Campaign on the blazars 3C 273 and 3C 279

Dr. Kirill Sokolovsky (MPIfR, Bonn) has requested the assistance of AAVSO observers to obtain optical photometry of the blazar-type quasars 3C 273 and 3C 279 during 2011.  The observations obtained by AAVSO observers will be combined with multiwavelength observations -- from radio to gamma-rays -- as well as with very long baseline interferometry with the VLBA to obtain a better picture of what these objects are and how they vary.  In particular, Sokolovsky and collaborators hope to find correlations between the spectral energy distributions (SEDs) of these objects and the behavior of the jets at sub-parsec spatial resolution.

What follows are the technical requirements and scientific justification provided to the AAVSO by Dr. Sokolovsky:


Technical requirements

We request multicolor CCD observations of two classical radio-loud quasars:

3C273 12:29:06.70 +02:03:08.6 J2000 V~12.7
3C279 12:56:11.17 -05:47:21.5 J2000 V~16.1

through the 2011 observing season. The observations are requested once per clear night in any subset of UBVRcIc filters with the priority given to V and R bands. We encourage observers to use comparison stars indicated on these finding charts: (3C273) (3C279) for magnitude calibration.

Unfiltered CCD observations, unfortunately, will not be useful for the campaign due to the complex spectral shape of the quasars in optical band. Changing color of the objects will prohibit direct comparison of unfiltered measurements obtained with different instruments and will make absolute flux calibration difficult. For these reasons, observations in standard photometric filters are needed.

Scientific justification

The requested observations will be a part of the coordinated multifrequency-VLBA, ground-based near-infrared and optical, Swift (optical, ultraviolet, X-ray) and Fermi (GeV gamma-ray) observing program aimed to study the structural, spectral and polarization evolution of the innermost parts of relativistic jets of 3C279 and 3C273 at sub-parsec spatial resolution (achieved in radio by VLBA) and high temporal resolution, and to correlate these with the evolution of the overall spectral energy distribution (SED). The VLBA and Swift observations of 3C273 and 3C279 are planned once every 20 days, however it would be very useful to obtain an optical lightcurve with much better sampling. The multicolor lightcurve may probe changes in synchrotron radiation of the relativistic blazar jet, line emission from the broad line region and thermal emission from the accretion disk which all contribute to the flux observed in broad-band optical filters. Good sampling of the optical lightcurve is also needed for a proper comparison with Fermi gamma-ray data. Fermi provides information about average gamma-ray flux on timescales of days (the exact integration time depends on the source brightness) while optical observations typically require only a few hundred seconds of integration time and therefore provide information about "instant" source brightness. To avoid introducing bias in the gamma-ray/optical correlation analysis, one needs a number of optical observations obtained during each gamma-ray integration so the average gamma-ray flux may be compared with the average optical flux during the gamma-ray integration time, not with the instant optical flux measured at some point during the long gamma-ray observation.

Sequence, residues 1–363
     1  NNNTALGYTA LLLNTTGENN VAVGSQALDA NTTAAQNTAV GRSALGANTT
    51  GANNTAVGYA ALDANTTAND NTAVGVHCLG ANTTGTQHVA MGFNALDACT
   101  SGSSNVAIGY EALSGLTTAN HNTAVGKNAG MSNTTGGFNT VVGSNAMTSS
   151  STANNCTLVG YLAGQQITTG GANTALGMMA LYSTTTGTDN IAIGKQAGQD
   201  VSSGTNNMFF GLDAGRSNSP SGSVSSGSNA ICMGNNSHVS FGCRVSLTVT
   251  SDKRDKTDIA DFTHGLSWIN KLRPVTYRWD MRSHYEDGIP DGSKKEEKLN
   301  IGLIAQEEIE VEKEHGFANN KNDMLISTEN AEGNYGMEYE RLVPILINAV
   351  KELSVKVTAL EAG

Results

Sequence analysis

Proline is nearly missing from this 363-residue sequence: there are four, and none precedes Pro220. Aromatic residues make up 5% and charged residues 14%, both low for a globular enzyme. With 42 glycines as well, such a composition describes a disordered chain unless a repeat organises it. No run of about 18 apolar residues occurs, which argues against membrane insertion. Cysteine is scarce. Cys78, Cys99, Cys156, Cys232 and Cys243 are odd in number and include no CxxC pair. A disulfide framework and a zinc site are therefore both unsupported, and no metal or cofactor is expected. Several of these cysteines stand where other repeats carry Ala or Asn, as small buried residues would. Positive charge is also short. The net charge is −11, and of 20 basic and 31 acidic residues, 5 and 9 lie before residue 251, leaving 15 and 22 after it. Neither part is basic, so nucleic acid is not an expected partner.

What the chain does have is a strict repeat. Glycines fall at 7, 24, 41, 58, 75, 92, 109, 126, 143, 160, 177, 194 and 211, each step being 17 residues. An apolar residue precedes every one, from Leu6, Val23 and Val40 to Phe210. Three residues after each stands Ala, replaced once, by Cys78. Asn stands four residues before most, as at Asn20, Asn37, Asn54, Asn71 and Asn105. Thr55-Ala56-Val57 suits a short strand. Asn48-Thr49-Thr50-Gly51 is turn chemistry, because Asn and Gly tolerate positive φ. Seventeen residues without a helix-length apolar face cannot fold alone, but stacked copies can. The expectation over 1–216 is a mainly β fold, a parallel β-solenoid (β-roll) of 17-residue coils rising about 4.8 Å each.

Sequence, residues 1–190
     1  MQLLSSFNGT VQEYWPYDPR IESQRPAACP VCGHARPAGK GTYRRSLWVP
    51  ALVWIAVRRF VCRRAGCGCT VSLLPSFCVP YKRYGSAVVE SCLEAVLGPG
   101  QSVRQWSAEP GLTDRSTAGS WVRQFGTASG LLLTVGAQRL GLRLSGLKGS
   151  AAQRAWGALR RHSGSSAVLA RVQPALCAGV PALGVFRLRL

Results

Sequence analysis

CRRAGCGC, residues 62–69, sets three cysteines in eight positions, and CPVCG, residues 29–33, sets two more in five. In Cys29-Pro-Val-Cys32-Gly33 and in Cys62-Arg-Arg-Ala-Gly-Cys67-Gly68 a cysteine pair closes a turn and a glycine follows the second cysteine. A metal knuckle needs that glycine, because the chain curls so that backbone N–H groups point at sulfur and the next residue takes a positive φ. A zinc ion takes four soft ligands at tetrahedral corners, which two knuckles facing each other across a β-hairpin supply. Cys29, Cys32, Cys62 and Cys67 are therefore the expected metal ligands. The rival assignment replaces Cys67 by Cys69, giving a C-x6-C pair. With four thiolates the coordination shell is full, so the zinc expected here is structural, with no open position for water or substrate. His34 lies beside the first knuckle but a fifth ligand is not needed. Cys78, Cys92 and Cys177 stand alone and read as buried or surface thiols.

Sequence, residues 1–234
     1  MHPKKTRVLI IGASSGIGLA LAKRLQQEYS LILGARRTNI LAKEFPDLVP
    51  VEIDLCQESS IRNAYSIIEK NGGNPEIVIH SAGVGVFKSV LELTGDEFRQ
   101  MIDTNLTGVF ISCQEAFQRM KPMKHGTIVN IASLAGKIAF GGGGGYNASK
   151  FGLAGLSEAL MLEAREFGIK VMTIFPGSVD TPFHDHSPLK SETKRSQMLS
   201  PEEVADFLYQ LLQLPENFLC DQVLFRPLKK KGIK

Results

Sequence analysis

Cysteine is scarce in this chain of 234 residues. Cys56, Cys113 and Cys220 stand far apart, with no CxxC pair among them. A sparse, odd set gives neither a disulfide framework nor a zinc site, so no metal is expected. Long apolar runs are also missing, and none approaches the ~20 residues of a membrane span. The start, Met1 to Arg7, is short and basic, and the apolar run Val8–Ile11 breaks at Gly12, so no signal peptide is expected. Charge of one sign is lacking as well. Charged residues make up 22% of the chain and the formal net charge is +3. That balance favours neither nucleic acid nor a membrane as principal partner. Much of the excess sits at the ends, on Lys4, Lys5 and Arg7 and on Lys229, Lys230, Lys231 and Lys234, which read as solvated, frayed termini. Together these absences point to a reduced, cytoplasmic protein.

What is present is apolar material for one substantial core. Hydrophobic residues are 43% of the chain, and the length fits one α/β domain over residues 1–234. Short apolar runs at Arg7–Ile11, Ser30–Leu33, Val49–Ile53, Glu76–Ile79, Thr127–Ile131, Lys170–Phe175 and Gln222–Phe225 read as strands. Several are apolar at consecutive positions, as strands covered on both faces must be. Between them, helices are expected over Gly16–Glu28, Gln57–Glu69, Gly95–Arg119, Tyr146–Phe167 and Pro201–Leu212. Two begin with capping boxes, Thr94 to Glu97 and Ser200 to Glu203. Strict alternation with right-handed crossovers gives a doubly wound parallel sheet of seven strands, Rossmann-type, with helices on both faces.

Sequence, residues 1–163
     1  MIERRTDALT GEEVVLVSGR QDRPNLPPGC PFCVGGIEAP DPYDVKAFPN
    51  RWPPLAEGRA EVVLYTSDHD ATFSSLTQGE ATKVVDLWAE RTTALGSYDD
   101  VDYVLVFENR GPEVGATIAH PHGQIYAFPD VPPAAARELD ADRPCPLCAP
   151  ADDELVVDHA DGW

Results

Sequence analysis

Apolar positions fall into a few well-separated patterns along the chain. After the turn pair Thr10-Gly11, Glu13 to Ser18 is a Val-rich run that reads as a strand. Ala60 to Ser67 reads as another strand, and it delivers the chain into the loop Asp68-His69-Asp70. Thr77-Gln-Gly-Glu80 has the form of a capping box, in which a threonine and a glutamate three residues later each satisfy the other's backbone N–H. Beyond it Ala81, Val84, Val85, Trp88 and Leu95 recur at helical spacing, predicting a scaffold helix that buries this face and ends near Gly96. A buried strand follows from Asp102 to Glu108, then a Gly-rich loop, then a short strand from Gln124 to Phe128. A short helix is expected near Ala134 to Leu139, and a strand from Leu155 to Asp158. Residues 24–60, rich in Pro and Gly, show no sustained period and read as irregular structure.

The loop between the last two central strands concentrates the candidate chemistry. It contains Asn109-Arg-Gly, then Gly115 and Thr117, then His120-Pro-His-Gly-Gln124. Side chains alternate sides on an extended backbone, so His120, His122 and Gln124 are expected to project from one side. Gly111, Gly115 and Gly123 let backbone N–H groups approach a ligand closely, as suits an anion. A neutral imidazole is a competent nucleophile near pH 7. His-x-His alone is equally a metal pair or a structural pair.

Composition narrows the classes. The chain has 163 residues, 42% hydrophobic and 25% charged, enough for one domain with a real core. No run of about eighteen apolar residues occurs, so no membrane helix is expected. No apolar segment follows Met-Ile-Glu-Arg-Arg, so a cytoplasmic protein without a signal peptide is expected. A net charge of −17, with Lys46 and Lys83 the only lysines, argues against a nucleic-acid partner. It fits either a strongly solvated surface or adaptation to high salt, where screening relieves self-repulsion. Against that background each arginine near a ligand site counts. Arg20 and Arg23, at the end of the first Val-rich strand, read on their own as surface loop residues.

Blazars are a class of  Active galactic nuclei which includes Flat-Spectrum Radio Quasars (FSRQ) and BL~Lacertae-type objects. One of the most remarkable things about blazars is their ability to radiate across the entire electromagnetic spectrum: from radio to GeV and TeV gamma-rays. This emission is believed to be produced by a relativistic jet pointing roughly towards the observer.

The SED of a blazar has two broad components: one peaking between far-IR and X-ray wavelengths and the other peaking at gamma-rays. For recent reviews of the blazar emission mechanisms and energetics one may consult Celotti et al. (2008, MNRAS, 385, 283); Ghisellini et al. (2009, MNRAS, 397, 985); Boettcher (2010, arXiv:1006.5048). The radio to UV (sometimes up to X-ray) emission of blazars is believed to be dominated by synchrotron radiation of relativistic electrons while radiation at higher energies could be due to the inverse Compton scattering of synchrotron photons emitted by the electrons themselves (the synchrotron self-Compton process, SSC, Jones et al. 1974, ApJ, 188, 353; Ghisellini & Maraschi 1989, ApJ, 340, 181) and/or photons from external sources (External Compton, EC, Sikora et al. 1994, ApJ, 421, 153; Dermer & Schlickeiser 2002, ApJ, 575, 667). The sources of the external seed photons for the EC process include accretion disc,  broad line region (BLR) clouds, warm dust, and the cosmic microwave background (CMB), with their relative contribution varying for different blazars.

Despite the wide acceptance of the picture outlined above, the exact location, geometry and physical properties of the regions responsible for blazar emission (the ``blazar zone'') at different bands remain a controversial issue. It is critical to identify the location of gamma-ray emitting regions in order to distinguish between SSC and EC models and determine the origin of seed photons for the EC process. Moreover, the blazar phenomenon can be explained in the framework of the hadronic models, where the relativistic protons in the jet are the primary accelerated particles, emitting gamma-ray radiation by means of photo-pair and photo-pion production and synchrotron radiation (see Mucke & Protheroe 2001, APh, 15, 121; Mucke et al. 2003, APh, 18, 593 for reviews on hadronic models).

The proposed observing campaign should provide a unique multiwavelength dataset which will enable further exploration of blazar emission physics.